From our Family to Yours, we hope and pray that everyone in your life is healthy and feeling well. To say we are living in uncertain times is a massive understatement and fear is normal. However, Faith is what fuels us through times of fear and uncertainty. Many of you have reached out to see if our office is open during this crisis. Please rest assured that as Healthcare Providers, treating patients is what we do. The Infection Control and Anti-viral protocols that we have practiced for 30 years to protect our Patients and Staff from viruses stronger than Covid-19 is what the rest of the world is just catching up to now. So the answer is YES we are open for treating emergency patients on an as needed basis and taking care of patient's needs. Our On-Site Laboratory also makes us uniquely qualified to handle emergencies in a timely and efficient way.

Additionally, many dental offices on Staten Island and Brooklyn have simply shut their doors completely during this crisis leaving many patients with emergencies and potential infections in need. The last thing we want is for those patients to resort to emergency rooms when hospitals and staff are already extremely overburdened. Rest assured that we and our On-Site Lab are welcoming new emergency patients in need, to treat you and your family in a timely and safe way.

We are also working on a proprietary method to perform consultations using tele-dentistry and should have a method on-line to help patients with that soon.

Humans are resilient, New Yorkers even more than most!!! We will get through this. We are here to help however we can.

Dr. Joseph T. Mormino and Staff Lauren Lisa Anne Marie Mary Annie Gladys Stephanie

Joseph T. Mormino, DDS

Is Dental Care Important for Heart Health?

By drmori on April 28, 2016

A woman smilingThere are many factors that contribute to heart health. A healthy diet and regular exercise keep the heart strong and healthy, but maintaining good oral health may also contribute to heart health. In fact, studies suggest a link between gum disease and heart issues. General dentistry treatments can help prevent gum disease and other oral health problems to keep your smile at its best. To learn more about your treatment options, or for answers to your questions about dental care and heart health, schedule a consultation with Staten Island, NY dentist Joseph Mormino.

The Importance of Dental Care for Heart Health

Although it's not entirely clear if oral health issues cause heart problems, there is a link between the presence of heart problems and severe gum disease, called periodontitis. Gum disease is a bacterial infection, and like most infections, it can spread. If left untreated, gum disease can infect the jawbone and may even spread through the bloodstream, where it may reach the heart.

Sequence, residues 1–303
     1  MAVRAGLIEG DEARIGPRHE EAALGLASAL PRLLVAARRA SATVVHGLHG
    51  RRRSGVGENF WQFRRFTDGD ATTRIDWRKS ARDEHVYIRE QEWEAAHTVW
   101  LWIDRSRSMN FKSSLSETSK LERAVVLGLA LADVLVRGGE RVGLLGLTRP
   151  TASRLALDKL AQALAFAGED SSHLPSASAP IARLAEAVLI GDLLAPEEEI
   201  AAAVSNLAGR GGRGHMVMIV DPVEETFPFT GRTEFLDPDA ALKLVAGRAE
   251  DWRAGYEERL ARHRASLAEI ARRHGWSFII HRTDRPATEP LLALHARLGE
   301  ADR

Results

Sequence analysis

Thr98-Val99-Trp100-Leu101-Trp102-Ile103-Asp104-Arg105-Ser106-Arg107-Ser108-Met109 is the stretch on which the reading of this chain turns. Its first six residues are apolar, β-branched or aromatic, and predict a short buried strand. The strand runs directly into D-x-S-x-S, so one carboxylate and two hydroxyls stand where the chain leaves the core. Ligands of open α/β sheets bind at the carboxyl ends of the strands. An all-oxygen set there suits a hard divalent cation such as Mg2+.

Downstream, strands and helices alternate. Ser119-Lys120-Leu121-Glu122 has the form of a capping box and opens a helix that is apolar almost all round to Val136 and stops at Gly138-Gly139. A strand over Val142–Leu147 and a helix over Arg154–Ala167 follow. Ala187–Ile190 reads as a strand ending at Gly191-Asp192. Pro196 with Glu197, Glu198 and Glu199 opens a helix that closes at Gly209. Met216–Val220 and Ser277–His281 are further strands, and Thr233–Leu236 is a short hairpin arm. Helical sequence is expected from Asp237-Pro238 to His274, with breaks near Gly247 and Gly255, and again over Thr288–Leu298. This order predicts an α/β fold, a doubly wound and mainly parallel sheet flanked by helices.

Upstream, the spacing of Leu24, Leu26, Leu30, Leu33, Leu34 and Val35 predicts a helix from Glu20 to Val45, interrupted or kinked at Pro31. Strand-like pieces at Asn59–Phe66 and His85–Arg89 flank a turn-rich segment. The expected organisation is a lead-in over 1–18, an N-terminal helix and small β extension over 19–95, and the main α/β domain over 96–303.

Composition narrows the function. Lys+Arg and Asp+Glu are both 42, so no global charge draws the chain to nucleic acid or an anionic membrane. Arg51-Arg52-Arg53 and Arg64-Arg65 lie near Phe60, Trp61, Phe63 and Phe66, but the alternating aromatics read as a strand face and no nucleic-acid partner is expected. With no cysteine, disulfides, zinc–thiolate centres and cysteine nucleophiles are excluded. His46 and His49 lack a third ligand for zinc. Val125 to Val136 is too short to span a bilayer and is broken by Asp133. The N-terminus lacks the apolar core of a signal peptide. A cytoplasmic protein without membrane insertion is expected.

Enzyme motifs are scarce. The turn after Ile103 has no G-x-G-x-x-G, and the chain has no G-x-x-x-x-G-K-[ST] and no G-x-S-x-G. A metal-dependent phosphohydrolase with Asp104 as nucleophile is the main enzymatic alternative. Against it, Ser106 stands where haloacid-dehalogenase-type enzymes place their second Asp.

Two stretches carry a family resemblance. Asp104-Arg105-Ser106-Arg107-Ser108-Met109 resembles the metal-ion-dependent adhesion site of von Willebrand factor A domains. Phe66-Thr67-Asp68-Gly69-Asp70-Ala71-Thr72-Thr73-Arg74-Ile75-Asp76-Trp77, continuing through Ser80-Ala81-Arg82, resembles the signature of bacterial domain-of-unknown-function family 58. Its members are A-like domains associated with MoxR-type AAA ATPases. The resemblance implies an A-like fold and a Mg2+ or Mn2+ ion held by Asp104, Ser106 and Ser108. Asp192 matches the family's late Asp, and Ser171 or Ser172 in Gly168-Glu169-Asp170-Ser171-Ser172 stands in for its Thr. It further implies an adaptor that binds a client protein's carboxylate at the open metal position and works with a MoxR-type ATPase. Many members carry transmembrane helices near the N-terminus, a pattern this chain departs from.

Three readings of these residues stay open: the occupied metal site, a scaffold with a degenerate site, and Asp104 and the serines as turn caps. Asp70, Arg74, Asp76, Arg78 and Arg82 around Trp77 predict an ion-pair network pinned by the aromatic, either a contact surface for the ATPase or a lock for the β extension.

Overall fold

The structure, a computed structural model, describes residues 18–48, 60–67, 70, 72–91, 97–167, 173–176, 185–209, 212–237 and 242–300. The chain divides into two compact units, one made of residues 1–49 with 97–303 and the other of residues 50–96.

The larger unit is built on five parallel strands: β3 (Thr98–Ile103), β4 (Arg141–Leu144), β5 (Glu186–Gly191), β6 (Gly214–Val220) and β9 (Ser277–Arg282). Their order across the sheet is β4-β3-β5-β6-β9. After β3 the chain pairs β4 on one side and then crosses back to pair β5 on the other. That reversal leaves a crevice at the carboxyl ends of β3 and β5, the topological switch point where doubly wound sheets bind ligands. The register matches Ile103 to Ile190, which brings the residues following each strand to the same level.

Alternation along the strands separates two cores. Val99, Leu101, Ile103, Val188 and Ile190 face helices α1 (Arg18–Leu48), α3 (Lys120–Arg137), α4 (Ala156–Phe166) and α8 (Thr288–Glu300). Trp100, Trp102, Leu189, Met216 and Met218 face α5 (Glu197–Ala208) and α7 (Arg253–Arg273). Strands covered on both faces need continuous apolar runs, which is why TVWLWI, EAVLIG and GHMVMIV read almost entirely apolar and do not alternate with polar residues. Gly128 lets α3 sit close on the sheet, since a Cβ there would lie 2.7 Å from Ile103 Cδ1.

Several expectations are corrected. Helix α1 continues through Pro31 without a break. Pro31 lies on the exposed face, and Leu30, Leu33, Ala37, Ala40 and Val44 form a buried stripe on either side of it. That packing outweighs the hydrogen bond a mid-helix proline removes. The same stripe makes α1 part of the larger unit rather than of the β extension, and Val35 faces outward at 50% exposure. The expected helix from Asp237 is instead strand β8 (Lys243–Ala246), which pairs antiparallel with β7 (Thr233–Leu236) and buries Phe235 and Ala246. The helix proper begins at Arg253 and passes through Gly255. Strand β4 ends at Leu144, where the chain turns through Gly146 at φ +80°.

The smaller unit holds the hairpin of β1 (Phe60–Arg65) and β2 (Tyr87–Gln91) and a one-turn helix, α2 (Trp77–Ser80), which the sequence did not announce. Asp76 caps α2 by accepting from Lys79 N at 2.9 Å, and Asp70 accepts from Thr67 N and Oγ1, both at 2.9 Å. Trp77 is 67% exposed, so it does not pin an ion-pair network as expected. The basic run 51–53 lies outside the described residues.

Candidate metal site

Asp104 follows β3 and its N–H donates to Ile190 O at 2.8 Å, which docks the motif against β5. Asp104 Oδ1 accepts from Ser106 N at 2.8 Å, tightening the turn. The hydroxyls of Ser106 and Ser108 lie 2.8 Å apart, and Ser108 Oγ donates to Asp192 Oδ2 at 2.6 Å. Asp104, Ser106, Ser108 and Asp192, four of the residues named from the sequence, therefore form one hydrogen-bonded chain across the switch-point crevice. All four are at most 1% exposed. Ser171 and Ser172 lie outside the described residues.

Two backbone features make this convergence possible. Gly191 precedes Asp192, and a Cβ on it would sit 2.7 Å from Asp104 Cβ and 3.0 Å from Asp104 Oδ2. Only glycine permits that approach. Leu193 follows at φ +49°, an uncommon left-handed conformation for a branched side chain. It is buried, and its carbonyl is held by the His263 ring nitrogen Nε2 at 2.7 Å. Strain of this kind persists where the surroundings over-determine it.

Practicing proper dental care, including brushing and flossing routinely and seeing your dentist every six months, is key to preventing gum disease. It may even help protect the heart from the following issues, which are linked to periodontitis:

  • Endocarditis: Bacteria from infections in the mouth may travel to the heart, resulting in an infection of the endocardium tissue, the tissue lining the inside of the heart and the valves. This type of infection, called endocarditis, can cause permanent damage to the heart's valves, impacting the heart's ability to pump blood.
  • Cardiovascular disease: Bacterial infections in the mouth are known to cause gum inflammation. This same mechanism may lead to arterial inflammation as well, explaining why those with severe gum disease are more likely to have cardiovascular disease.
  • Heart attack: Those with severe gum disease are also at greater risk of abnormal heart rhythms, coronary artery disease, and heart attack.

Dental Care Tips for a Healthy Smile and Heart

Proper dental care can help reduce the risk of gum disease, and when combined with eating a heart-healthy diet and exercising daily, it may help reduce the risk of heart problems. Follow these dental care tips to keep your smile healthy and reduce the risk of heart-related health problems.

  • Brush twice a day: Brushing the teeth at least twice a day removes plaque, bacteria, and food debris from the teeth, reducing the risk of tooth decay and gum disease.
  • Floss once a day: Flossing is just as important as brushing the teeth. Flossing the teeth removes plaque, bacteria, and food remnants between the teeth and along the gum line where brushing can't reach, making flossing more effective at reducing the risk of gum disease than brushing alone.
  • Rinse with an antiseptic mouthwash: Rinsing with an antiseptic mouthwash after brushing and flossing can further eliminate bacteria within the mouth, helping to decrease the risk of gum disease.
  • See your dentist every six months: Seeing your dentist every six months for a general exam and cleaning is one of the best ways to prevent oral health issues, like gum disease, as well as catch issues early, when they're most easily treated.

Schedule a Consultation

For more dental care tips, or to discuss your treatment options, we invite you to schedule a consultation with Dr. Mormino.

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